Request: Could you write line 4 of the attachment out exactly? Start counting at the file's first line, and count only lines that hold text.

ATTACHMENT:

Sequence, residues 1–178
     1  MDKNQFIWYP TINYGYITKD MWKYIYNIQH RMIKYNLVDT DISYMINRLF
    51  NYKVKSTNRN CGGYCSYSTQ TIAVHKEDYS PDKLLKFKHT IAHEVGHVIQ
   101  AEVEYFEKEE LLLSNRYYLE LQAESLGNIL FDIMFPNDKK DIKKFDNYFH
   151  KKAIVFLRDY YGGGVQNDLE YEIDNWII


   101  AEVEYFEKEE LLLSNRYYLE LQAESLGNIL FDIMFPNDKK DIKKFDNYFH